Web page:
With “Cruel” in her first name and “Devil” in her last, how could Cruella de Vil not be one of cinema’s most famous villainesses?
Conceived by Dodie Smith in a 1956 children’s novel, The 101 Dalmatians, Cruella was a psychopath who married a wealthy furrier to indulge her passion for fur, which she collected from every possible animal except the black-and-white dog that obsessed her to no end — sending goons to steal puppies to lock up in her ancestral home called Hell Hall, where they would be kept to skin into coats.
The novel was turned into the 1961 Disney animated film and later into a 1996 version with Glenn Close as the wicked fashion designer of the House of De Vil, clothed in cinched waists and pointy bitch-shoulder pads a la Thierry Mugler.
Now comes Cruella, an origin story that ups the ante with a showdown between the villainess, played by Emma Stone, and another fashion designer, the Baroness Von Hellmann, essayed by Emma Thompson, who’s another demented, cruel one herself — making you wonder, what is it in fashion that drives all its leading lights to become dysfunctional?
In Cruella’s case, she was already born different — with half her hair black and the other white — as the child named Estella when the film opens in the mid-’60s. This makes her the target of bullies in the town school. But she’s also a genius, terrorizing everyone with fashion statements of graffiti-laden blazers and ripped lapels turned into breast harnesses, presaging the next decade’s punk era.
With her talents more suited to a school in London, her mother, Catherine, decides to take her there but first goes to the Baroness’ house to ask for financial assistance.
Estella is mesmerized by the grandiosity of the mansion and the glamor of the 18th century-themed party, where the fashion designer is also presenting her latest collection. It’s a world she doesn’t want to leave and definitely feels a part of. Unfortunately, it’s an ill-fated visit, ending with her mother being pushed off a cliff to her death by the hostess’ ferocious dalmatians.
Orphaned, Estella goes to London where she meets the street urchins Jasper and Horace, whom she grows up with till 10 years later in the ’70s when they make a living as thieves and she hones her fashion skills, designing their disguises that includes her own ladylike dresses inspired by Biba.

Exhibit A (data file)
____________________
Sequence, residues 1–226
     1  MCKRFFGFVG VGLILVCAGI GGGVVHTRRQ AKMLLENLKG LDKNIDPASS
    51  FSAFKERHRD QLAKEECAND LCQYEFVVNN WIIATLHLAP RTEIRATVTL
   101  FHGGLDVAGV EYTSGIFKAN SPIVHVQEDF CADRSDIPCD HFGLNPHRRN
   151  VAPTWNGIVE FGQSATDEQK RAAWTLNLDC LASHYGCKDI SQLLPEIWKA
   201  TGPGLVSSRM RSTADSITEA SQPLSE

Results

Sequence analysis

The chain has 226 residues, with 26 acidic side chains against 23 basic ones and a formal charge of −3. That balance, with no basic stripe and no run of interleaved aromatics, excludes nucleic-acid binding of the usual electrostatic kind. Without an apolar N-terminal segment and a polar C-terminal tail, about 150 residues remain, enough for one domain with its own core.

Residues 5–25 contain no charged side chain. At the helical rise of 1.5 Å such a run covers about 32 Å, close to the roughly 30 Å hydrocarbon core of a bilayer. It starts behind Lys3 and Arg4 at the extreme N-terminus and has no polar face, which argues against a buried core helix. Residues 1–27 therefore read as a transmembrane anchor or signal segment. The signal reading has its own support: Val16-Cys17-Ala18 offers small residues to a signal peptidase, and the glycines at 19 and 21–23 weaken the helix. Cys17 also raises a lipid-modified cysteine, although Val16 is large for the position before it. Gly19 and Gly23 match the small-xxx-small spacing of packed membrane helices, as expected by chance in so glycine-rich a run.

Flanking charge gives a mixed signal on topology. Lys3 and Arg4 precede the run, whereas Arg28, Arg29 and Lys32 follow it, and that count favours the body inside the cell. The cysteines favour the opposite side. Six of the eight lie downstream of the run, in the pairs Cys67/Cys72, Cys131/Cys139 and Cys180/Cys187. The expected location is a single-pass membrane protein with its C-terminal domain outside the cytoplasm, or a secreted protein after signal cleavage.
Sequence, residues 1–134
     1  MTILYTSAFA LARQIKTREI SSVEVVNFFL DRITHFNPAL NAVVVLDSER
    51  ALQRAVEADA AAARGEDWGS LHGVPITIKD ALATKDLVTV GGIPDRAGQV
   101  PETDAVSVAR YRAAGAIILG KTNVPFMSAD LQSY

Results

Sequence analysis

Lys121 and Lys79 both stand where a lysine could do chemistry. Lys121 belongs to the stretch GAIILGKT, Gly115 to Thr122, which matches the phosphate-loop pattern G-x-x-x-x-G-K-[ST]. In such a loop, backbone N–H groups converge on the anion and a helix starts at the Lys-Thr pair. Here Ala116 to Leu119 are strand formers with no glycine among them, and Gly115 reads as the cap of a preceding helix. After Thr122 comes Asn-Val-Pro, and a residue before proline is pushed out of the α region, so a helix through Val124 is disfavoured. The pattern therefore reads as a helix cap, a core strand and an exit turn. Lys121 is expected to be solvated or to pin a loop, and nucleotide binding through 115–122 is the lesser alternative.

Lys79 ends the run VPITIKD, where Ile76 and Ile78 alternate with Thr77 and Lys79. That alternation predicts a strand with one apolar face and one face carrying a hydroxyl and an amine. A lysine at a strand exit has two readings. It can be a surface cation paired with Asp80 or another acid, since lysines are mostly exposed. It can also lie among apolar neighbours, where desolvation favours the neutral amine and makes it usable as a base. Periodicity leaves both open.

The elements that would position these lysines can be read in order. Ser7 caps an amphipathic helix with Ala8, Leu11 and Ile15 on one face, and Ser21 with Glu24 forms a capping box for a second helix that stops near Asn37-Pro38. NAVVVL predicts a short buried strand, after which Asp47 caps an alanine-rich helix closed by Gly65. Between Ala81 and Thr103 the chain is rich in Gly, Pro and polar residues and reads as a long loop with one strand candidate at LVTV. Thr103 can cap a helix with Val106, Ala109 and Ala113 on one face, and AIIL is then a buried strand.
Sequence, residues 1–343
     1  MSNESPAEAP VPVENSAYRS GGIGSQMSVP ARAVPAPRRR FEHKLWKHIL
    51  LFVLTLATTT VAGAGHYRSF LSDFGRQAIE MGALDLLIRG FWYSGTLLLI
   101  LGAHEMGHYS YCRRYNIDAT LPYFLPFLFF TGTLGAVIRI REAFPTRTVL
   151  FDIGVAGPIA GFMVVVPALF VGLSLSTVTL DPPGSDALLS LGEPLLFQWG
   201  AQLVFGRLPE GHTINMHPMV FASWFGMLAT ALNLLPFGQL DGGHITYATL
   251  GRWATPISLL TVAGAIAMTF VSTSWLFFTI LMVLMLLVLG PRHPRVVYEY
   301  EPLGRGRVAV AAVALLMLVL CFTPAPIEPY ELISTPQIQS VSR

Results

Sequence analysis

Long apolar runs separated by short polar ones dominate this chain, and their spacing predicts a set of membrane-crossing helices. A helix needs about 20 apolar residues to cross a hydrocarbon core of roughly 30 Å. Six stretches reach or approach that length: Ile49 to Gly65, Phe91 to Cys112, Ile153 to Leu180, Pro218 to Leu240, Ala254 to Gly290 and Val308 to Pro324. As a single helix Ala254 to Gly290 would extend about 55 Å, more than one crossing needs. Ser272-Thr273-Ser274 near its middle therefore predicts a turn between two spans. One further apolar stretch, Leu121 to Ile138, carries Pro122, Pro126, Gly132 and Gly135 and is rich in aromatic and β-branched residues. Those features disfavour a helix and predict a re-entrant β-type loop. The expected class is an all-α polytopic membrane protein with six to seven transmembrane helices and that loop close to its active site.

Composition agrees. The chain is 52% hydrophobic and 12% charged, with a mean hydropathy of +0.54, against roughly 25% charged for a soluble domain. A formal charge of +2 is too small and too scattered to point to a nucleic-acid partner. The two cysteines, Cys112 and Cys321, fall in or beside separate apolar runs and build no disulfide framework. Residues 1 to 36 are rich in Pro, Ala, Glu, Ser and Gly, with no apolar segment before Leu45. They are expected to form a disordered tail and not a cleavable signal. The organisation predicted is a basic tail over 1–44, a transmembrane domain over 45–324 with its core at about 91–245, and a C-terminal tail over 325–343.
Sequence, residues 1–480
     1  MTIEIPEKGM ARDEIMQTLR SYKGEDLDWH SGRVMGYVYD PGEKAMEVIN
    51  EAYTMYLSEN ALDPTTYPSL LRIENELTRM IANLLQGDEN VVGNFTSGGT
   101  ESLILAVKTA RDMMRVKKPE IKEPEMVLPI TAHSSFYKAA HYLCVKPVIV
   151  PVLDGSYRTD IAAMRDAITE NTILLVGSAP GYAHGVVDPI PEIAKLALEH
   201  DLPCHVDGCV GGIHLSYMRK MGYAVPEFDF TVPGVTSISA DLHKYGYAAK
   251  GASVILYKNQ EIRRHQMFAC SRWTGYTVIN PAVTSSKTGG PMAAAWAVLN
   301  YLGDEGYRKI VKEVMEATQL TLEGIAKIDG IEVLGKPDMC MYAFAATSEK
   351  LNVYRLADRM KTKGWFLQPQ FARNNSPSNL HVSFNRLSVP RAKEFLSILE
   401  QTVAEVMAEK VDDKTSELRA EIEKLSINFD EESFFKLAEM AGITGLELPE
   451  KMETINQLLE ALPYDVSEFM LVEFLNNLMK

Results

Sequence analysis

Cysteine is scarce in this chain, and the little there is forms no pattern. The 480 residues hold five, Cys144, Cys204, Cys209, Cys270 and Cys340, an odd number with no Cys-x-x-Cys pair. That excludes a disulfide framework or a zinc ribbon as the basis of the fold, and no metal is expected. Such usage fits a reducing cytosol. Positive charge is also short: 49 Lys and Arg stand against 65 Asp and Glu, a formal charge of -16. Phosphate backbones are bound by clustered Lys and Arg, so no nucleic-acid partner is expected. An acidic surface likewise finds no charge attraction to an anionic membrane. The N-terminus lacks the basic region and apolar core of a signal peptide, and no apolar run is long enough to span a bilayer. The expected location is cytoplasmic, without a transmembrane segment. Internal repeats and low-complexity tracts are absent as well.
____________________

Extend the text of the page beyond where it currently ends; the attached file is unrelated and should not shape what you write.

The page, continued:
As a birthday present, the two boys gift her with a dream job at Liberty, where she always adored the creations of the best designers. Although she has to suffer the drudgery of being a cleaning maid, her drunken rearrangement of the department store’s show window attracts the attention of the Baroness, who offers her a job in her fashion house.
Here, Estella’s talents bloom, winning points from the haughty Baroness, who is reluctant to show approval and continues to mistreat her as she does the other employees. Wearing cocktail dresses inspired by Dior of the ’50s and ’60s, the designer now looks outdated and in fact has flagging sales, making her desperate.
Estella’s enmity for her boss accelerates further when she discovers her wearing a necklace that belonged to Catherine, arousing suspicions of foul play and leading to her transition to Cruella, the fashion diva to challenge the baroness and plot her downfall.
Cruella’s first outing is crashing the Baroness’ black and white ball, where she upstages the host in a red gown found from a thrift shop. It’s actually a Baroness piece, inspired by the Charles James “Tree” dress, but updated with a punk vibe as an affront to the designer, who wears a sculptural Balenciaga look, which rising London designers like Vivienne Westwood found too staid and rebelled against with their punk rock aesthetic.
She makes another grand entrance at a Baroness-hosted gala where she arrives in a garbage truck, emerging from the rubbish in a bustier made of newspaper clippings, recalling a John Galliano. The piece de resistance is the gown’s 40-foot train — a patchwork of dresses by the Baroness — a witty statement that makes it to the front pages, declaring Baroness fashion as trash.
In another headline-grabbing event, Cruella stomps on the Baroness’ limousine roof in her Doc Martens boots, a military jacket embellished with pins and chains, and another voluminous skirt with 5,060 handsewn organza flowers —enough to shield her nemesis from the press and attendees.
The feud and fashion showdown reaches its height when Cruella mounts her own fashion show, attending the opening wearing a black and white spotted dress that could very well have been made from the Baroness’ dalmatians that were recently kidnapped. The older designer vows revenge and makes ways and means to get rid of Cruella, even if it means throwing her off a cliff. It marks how low both of them have descended, a swipe at how fashion, pre-pandemic at least, drives people to such insane, even murderous acts.
Of course it’s quite exaggerated, but it nevertheless brings to light certain truths, like how the constant demand for newness results in the exploitation of workers, the destruction of the environment and unethical acts like plagiarism, among other misdemeanors. The need for hype and buzz on social and regular media is another reason why people in the business are driven to irrational acts, not to mention that optics take precedence over designing quality pieces. Now, of course, with the pandemic, the industry has had time to rethink and reboot, and hopefully there will be no Cruellas to emerge and terrorize the world.
Photo from Walt Disney Studio